Michael Green, a former top White House official with close ties to the Abe administration, said the Pentagon’s lobbying was paying dividends after Tempest gained early momentum. “The US government is organising itself around a campaign for an American fighter. And in the Japanese government, some of the big pieces have shifted so that the momentum is shifting towards a capabilities-based decision which would benefit a design based on an already existing US platform,” said Mr Green. “But it is not over. The momentum could shift back since there are lots of variables.” Japan has long dreamt of building a domestic aircraft to match its famous second world war-era Zero fighter. The project to build its own plane gained urgency last year when Mr Abe opted to buy 105 fully-assembled F-35s from the US. One Japanese executive said that had left local industry desperate for a new fighter programme to work on. The US has proposed jointly developing a fighter based on the F-35 and F-22. But it would limit the use of Japanese technology, resulting in a “black box” fighter with no access to the source code required for independent upgrades — something the Japanese air force would like and many lawmakers consider essential to sovereignty. “The most important thing for a future fighter aircraft is capability,” said Itsunori Onodera, a Diet member and two-time defence minister. “Then there is data links, including to US networks. And then it is also necessary to have freedom to upgrade.” Mr Onodera said Japanese industry did not have the capability to go it alone and the cost per unit of building exclusively for the domestic market would be prohibitive. He added the similar timeline of the Tempest made collaboration with the UK a “reasonable possibility” but the decision would depend on capability, cost and the potential for upgrades. The decision will be up to Mr Abe, who will have to choose between independent technology and nationalist hopes or the US alliance and his prized relationship with Mr Trump.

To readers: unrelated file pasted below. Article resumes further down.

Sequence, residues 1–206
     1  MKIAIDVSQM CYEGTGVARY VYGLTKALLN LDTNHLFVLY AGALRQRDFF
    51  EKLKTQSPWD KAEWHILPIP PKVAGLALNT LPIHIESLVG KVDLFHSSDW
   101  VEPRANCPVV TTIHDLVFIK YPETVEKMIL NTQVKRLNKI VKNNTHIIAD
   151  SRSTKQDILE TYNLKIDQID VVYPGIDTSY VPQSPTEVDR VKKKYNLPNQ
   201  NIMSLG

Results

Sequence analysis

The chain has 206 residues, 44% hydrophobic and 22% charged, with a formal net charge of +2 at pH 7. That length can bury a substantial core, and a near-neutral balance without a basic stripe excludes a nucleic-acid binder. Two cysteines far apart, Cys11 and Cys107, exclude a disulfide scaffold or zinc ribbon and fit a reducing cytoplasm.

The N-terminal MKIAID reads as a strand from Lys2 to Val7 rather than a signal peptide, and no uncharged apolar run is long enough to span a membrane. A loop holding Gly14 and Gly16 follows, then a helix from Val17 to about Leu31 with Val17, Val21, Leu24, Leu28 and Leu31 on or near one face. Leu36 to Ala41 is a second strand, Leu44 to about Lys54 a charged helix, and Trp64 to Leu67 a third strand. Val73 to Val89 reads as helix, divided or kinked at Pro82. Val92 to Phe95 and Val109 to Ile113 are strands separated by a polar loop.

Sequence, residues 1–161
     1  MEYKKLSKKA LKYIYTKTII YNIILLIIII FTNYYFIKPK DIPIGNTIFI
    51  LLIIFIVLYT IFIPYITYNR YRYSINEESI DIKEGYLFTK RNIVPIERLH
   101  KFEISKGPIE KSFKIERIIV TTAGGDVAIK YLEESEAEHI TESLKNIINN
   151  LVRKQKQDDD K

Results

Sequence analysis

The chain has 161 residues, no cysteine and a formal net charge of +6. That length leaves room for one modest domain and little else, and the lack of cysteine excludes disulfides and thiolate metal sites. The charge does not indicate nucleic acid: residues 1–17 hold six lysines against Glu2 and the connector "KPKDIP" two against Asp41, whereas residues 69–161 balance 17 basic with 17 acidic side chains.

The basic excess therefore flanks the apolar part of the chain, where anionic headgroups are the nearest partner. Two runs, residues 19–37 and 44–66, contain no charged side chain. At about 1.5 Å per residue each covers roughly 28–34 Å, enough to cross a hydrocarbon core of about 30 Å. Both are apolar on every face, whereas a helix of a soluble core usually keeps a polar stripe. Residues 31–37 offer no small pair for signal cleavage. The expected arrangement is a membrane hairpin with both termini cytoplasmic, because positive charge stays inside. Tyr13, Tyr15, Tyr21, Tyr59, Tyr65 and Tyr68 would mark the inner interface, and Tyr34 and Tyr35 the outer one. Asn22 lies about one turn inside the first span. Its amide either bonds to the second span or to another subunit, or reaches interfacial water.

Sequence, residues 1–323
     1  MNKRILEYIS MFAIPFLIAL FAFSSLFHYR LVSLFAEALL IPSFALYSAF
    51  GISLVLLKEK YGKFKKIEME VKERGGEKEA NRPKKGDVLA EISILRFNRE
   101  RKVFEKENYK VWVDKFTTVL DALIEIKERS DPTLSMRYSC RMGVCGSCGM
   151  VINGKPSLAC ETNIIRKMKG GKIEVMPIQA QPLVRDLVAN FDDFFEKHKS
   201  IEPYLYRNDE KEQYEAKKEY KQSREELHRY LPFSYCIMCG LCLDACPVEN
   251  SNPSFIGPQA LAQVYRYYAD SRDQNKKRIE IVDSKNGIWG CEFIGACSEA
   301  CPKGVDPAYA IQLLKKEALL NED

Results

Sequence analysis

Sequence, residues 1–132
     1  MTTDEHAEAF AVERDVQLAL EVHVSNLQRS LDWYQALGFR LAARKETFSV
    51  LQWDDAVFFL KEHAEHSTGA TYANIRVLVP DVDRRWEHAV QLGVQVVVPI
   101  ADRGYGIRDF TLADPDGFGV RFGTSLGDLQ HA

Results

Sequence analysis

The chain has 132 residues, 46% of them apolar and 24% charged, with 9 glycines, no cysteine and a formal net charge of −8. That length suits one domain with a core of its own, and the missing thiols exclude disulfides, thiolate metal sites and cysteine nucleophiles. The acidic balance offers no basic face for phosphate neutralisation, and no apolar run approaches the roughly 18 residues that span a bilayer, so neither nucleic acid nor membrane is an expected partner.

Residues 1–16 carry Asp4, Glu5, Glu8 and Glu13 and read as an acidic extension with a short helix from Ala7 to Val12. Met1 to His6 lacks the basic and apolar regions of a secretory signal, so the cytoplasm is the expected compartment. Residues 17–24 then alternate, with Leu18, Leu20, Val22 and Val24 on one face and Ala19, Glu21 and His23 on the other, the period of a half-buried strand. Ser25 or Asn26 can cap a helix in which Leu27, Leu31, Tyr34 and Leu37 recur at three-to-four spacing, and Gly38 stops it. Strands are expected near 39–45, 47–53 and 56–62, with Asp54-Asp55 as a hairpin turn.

Follow Demetri Sevastopulo and Robin Harding on Twitter: @dimi and @RobinBHarding
 
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fredymac

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Non instrumented cockpit. The only issue I see is whether they would want to go with a totally virtual reality display or to use an augmented VR display which lets you see the real world in addition to all the information.

 

Deltafan

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From French weekly magazine Air & Cosmos n°2691 from 05.06.2020, page 3, rubric "Confidential" :

The British Tempest fighter program does not leave Washington indifferent, who sees it as a way to weaken the Scaf program carried by France, Germany and Spain in other countries of the European Union. Suddenly, Tempest could well benefit from financial support from the United States. Funding that will go hand in hand with the integration of American equipment in the future "bubble" of which Tempest will be one of the tools. A "bubble" in which Eastern European countries will be offered to participate. Union is a fight.
No original source mentioned.
 

TomcatViP

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Source: Trappiér paranoid mind?

Sharing sub-systems among fleet is an openly voiced priority for the next Gen of allied fleet to build a resilient and affordable ecosystem similar to airliners.

From Australia to Japan and westward to the US across Europe (as a geographical reference). EoA.
 
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helmutkohl

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nice awesome link

but the 3d Model does have significant differences. its a lot less fatty and more sleek compared to the mock up

here's some pics so everyone can see. also note the bay doors. they look a bit tiny

over all I like the look a lot more here. maybe more than that FCAS mock up by dassault, although i like the airbus one more
 

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TomcatViP

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Yes, huge wings. If those verticals are not collapsible, why that for a fighter?
 

FighterJock

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nice awesome link

but the 3d Model does have significant differences. its a lot less fatty and more sleek compared to the mock up

here's some pics so everyone can see. also note the bay doors. they look a bit tiny